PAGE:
This paper describes the development and use of a tool designed to support educators to use a broad range of professional knowledge for inclusion and equity in literacy teaching. The tool encourages teachers to formally recognize, and act on a wider range of evidence about students and to adapt their literacy curriculum and teaching appropriately. The research adopted a Design Experiment approach in 48 schools, working with 650 teachers and 12,783 students. A paired sample T-test showed a significant improvement in standardized age scores. Further analysis indicated that the ‘tail’ of underachievement had shortened and Goodman and Kruskal's gamma showed a weakening of the relationship between poverty and attainment. This gives cause for cautious optimism that attainment gaps may be addressed by supporting educators to re-think how they address inclusion and attend to a wider range of evidence in literacy teaching. It suggests that local, bottom-up curriculum development may be more effective for inclusion than centralized top-down approaches, and that education research could develop and trial tools that support teachers in this.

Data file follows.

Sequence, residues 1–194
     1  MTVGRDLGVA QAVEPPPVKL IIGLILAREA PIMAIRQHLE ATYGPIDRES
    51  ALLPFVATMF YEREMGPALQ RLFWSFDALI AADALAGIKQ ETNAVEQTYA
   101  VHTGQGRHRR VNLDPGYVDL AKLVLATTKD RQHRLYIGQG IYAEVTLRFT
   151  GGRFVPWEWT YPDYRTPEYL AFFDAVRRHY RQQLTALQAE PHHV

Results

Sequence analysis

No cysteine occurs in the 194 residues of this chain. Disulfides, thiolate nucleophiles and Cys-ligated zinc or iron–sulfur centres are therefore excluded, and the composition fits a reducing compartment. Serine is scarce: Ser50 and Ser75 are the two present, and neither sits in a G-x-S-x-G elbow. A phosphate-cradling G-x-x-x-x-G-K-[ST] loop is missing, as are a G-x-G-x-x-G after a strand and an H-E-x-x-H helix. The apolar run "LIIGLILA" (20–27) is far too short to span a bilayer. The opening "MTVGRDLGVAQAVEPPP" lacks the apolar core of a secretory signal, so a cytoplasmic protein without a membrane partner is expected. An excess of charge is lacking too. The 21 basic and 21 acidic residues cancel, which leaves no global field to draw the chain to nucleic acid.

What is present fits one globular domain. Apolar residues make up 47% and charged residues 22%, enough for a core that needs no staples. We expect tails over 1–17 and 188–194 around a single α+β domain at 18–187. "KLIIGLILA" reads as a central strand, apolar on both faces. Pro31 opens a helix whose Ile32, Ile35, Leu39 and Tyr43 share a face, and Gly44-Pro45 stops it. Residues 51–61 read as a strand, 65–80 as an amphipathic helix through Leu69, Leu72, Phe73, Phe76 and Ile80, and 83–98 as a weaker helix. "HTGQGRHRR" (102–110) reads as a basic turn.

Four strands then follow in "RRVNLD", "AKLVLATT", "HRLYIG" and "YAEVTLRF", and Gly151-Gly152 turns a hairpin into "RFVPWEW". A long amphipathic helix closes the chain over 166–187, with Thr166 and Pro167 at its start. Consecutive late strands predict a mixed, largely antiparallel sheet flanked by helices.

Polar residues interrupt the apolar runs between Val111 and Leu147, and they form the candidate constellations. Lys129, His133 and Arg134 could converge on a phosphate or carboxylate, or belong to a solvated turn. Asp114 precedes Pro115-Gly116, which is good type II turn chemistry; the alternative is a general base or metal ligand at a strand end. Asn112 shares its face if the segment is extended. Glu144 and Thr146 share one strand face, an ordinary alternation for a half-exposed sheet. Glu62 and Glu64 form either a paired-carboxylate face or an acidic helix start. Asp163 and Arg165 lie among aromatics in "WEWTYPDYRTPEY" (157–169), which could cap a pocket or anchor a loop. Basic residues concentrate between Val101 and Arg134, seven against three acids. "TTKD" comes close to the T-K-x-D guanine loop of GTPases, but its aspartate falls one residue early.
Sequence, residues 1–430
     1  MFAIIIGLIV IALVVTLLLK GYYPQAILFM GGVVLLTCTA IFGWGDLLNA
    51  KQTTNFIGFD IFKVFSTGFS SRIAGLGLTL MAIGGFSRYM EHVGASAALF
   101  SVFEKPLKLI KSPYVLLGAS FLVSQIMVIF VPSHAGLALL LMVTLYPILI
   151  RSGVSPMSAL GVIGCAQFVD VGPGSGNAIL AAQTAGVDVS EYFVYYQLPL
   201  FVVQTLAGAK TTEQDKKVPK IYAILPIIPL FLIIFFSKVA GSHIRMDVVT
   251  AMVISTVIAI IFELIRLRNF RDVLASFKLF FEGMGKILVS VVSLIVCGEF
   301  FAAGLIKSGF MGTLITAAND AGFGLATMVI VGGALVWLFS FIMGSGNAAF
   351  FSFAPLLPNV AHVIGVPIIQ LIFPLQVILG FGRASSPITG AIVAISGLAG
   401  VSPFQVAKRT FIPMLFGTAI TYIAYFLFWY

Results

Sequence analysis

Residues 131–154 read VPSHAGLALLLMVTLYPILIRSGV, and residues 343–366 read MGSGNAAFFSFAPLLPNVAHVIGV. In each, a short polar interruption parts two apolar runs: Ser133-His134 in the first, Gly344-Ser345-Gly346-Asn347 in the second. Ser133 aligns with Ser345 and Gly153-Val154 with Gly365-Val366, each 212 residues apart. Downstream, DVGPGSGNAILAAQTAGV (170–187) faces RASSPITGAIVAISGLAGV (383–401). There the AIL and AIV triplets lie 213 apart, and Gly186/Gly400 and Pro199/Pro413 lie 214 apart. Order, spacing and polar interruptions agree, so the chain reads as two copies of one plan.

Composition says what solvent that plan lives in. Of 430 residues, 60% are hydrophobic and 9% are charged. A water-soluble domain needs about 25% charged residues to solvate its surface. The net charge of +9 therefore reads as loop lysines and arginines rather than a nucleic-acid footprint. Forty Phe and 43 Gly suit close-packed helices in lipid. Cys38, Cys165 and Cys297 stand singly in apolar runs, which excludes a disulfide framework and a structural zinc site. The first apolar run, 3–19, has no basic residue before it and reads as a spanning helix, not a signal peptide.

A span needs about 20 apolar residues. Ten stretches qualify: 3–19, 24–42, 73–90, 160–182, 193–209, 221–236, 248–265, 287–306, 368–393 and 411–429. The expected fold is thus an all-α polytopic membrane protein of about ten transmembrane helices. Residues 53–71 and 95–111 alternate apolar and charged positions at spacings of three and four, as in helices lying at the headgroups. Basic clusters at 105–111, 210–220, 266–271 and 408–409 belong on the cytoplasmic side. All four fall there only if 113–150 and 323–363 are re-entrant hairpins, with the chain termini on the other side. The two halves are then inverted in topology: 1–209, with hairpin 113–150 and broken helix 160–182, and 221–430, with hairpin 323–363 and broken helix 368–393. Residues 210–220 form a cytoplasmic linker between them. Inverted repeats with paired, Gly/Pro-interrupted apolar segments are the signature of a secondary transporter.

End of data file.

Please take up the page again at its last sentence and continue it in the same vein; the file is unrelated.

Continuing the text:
|Journal||International Journal of Inclusive Education|
|Publication status||Accepted/In press - 10 Jan 2020|
- urban education
- attainment gap
- literacy curriculum
- social justice
- professional development